The current model for the symphony orchestra in the US is one of contracted musicians. Musicians are contracted to either perform a series of concerts, or paid per concert, with the end result creating an entity entitled "Some Symphony Orchestra" but the musicians are not really part of that entity. We've created a business model for our orchestras in order to effectively manage them. What we've lost is the personal connection the musicians feel toward the ensemble. This results in what the Louisville Orchestra went through, when it became an us against them in terms of contract negotiations. Tough contact negotiations and bankruptcy are only a few of the problems that result from this division of labor. Although Louisville Orchestra did eventually reach an agreement, the barrier between the administrative office and the musicians is not unique in Louisville.

Detroit Symphony just held a concert with Kid Rock that raised $1m for the symphony. In an area of the US suffering some of the worst economically, this fund raiser proves there is still interest in having a symphony orchestra, even in hard times. Part of the fund raising was due to a popular artist, but part of it was also due to musicians getting out there and showing their passion. If you've not seen the photos from this concert, or watched the DSO Live performances available on the internet, you're missing a revitalized orchestra. Detroit Symphony musicians are re-inventing themselves, jumping into the fray, shouting from the roof tops. They are involved.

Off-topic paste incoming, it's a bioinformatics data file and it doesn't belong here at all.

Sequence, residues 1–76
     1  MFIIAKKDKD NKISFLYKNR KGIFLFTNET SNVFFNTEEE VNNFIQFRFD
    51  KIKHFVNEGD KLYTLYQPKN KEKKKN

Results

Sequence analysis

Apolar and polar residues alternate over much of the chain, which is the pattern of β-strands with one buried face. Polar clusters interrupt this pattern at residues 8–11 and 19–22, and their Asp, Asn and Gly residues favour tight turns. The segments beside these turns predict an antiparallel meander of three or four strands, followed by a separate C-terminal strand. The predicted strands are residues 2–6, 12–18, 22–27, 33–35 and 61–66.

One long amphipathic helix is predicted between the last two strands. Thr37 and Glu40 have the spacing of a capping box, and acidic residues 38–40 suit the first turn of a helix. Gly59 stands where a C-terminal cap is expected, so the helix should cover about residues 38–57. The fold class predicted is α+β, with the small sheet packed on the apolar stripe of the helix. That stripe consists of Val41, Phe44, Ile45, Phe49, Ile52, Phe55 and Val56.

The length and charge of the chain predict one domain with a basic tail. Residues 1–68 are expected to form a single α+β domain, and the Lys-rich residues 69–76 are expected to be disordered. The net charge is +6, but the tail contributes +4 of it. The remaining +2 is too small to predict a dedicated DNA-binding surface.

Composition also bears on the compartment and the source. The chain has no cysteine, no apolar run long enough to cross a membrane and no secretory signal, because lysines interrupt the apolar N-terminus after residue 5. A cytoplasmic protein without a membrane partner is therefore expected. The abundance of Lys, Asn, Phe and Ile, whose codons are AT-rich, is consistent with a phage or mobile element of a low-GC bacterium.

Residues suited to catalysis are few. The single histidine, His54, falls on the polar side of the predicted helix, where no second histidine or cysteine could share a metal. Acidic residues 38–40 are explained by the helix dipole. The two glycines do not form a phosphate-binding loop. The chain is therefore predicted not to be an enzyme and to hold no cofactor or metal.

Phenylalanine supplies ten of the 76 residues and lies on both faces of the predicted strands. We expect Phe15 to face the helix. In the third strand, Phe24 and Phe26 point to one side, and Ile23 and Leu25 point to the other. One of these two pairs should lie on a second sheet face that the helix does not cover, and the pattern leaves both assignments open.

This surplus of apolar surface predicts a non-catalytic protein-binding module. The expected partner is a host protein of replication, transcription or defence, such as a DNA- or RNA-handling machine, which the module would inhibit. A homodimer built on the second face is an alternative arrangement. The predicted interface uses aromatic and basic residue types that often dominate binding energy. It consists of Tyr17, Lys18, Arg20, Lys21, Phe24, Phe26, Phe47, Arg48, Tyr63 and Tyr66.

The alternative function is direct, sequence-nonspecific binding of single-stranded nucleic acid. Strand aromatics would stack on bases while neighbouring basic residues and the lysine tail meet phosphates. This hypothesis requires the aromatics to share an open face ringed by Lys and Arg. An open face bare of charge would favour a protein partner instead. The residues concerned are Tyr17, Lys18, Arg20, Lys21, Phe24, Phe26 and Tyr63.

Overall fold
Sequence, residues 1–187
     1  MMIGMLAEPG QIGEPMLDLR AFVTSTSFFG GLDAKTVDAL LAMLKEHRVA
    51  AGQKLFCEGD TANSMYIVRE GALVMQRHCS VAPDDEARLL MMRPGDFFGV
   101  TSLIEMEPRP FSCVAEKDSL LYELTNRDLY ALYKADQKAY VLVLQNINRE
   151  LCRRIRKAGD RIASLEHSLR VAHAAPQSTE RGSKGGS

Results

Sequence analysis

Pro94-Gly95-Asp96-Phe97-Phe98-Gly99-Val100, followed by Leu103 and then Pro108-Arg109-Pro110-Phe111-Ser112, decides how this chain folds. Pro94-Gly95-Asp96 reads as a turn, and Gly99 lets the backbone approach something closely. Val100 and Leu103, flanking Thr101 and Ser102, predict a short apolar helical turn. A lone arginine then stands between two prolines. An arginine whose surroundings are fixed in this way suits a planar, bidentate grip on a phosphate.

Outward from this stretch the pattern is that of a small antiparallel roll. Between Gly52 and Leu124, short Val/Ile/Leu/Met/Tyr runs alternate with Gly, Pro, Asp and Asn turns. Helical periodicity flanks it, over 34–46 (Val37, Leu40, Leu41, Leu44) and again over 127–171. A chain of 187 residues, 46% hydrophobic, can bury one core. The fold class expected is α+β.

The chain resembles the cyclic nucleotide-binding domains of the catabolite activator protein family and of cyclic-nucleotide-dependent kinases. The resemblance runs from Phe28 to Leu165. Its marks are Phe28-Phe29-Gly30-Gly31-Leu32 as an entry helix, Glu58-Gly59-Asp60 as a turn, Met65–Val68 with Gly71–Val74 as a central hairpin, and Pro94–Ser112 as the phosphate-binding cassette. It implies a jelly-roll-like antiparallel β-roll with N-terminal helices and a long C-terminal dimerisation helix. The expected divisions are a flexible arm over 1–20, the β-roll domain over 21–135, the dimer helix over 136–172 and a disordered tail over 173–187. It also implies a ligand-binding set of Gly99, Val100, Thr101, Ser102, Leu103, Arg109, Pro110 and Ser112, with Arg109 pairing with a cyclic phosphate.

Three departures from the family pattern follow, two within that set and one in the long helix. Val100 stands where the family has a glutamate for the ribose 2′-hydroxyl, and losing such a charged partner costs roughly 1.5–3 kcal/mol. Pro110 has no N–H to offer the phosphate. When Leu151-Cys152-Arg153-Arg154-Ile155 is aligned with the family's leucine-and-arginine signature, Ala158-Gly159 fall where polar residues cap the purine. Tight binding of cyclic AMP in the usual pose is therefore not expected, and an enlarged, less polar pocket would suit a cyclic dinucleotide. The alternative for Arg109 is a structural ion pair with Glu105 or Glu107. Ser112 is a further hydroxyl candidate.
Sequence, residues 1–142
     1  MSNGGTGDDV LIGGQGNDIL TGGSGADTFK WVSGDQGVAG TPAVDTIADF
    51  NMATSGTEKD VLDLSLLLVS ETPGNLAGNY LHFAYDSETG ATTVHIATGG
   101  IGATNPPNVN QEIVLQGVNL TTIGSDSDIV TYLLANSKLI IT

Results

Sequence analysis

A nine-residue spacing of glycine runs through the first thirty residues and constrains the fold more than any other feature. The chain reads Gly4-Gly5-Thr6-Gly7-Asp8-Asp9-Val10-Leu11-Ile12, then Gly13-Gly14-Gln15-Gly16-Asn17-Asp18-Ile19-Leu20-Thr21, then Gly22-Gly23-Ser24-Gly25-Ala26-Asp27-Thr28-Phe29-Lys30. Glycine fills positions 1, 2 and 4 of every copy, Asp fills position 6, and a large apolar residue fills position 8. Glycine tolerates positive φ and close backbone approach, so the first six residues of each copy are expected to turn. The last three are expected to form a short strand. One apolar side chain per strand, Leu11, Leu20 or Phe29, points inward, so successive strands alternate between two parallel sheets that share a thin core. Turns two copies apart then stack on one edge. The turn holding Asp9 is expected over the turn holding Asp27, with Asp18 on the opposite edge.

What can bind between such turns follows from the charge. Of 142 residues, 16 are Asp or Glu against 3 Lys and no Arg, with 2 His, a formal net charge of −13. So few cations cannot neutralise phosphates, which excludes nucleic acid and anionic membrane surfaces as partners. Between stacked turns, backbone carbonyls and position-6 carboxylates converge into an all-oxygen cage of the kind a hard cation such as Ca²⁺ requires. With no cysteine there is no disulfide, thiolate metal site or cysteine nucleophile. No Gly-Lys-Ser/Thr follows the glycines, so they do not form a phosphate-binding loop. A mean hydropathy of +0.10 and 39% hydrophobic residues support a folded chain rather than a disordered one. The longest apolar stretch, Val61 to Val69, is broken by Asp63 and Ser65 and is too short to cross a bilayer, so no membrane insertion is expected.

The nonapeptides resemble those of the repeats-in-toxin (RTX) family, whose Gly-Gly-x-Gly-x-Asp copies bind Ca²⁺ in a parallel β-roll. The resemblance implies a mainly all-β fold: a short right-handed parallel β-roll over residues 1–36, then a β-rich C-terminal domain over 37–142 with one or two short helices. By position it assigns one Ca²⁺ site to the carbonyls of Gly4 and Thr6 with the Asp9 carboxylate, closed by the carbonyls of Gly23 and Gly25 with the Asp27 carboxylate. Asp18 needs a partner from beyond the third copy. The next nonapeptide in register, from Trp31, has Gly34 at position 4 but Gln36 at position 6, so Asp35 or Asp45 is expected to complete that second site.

I recently posted an article about TwtrSymphony and the attention we're getting. The musicians are involved in the success of the organization. There is no division between the administration and the musicians in terms of 'ownership' of the orchestra. Yes, there are different jobs. TwtrSymphony has a few people who are doing administrative tasks. When it comes to getting the word out, the musicians are just as enthusiastic (if not more so) than anyone.

Orchestras need to find a way to bring the musicians back. The orchestra needs to be the musicians; the musicians need to feel as though they are the orchestra. Orchestras also need to find ways to engage directly with their audience and personalize the experience of the concert hall. When this happens, the passion of both the musicians and audience will translate across social media channels. I believe you'll find fuller concert halls and balanced budgets as a result.